Thursday, June 25, 2015

Six former railway employees charged in 2013 Quebec oil derailment that killed 47

"Six former employees of the Montreal, Maine and Atlantic Railway, including the train engineer and the top executive, face charges under the Railway Safety Act and Fisheries Act for their alleged roles" in the 2013 train derailment in Quebec that resulted in the deaths of 47 people, Eric Atkins and Verity Stevenson report for The Globe and Mail in Toronto. The bankrupt company has also been charged in what was Canada's worst rail disaster in modern times. The train was carrying crude oil from North Dakota to Maine. (Getty Images by Francois Laplante-Delagrave: Photo from July 6, 2013 of Quebec oil derailment)

"The charges come as a battle over a $430-million victims’ fund is being waged in Quebec court and almost a year after a Transportation Safety Board report on the disaster found that just seven handbrakes were set on the train," Atkins and Stevenson write. "The federal government said the accused failed to ensure that the brakes were properly set on the unattended train of 63 oil tank cars that rolled down a hill in the early morning of July 6, 2013, before crashing in a series of explosions that destroyed 40 buildings and killed people in their sleep or as they enjoyed a night out in the picturesque village."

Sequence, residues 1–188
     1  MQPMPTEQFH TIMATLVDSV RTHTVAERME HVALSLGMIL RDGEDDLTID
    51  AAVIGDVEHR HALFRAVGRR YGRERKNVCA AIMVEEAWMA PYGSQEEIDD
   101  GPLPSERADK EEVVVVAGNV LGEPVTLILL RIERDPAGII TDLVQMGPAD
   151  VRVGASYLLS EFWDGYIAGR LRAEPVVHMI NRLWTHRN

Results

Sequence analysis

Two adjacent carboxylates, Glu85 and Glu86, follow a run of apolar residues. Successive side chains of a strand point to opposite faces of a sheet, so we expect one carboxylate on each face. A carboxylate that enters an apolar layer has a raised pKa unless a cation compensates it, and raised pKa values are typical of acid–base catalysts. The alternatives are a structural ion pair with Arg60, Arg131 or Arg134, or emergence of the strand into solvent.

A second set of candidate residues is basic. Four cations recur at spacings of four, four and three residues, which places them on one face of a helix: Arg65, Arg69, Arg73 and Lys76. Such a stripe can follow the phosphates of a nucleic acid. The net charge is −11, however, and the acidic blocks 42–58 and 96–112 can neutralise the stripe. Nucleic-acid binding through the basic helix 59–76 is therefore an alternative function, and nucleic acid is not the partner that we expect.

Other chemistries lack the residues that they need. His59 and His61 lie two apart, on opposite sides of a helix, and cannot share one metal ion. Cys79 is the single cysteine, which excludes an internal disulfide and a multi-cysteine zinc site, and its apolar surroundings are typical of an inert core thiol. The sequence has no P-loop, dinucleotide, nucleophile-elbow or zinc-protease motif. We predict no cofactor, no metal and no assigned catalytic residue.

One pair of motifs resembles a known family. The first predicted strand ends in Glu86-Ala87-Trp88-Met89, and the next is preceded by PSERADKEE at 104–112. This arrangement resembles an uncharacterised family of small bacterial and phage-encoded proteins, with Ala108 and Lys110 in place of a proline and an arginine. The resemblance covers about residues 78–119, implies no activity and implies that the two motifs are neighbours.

"There are also environmental charges over the spillage of oil," Atkins and Stevenson write. "All of the accused are scheduled to appear in a Lac-Mégantic court on Nov. 12. The charges have not been tested in court." (Read more)

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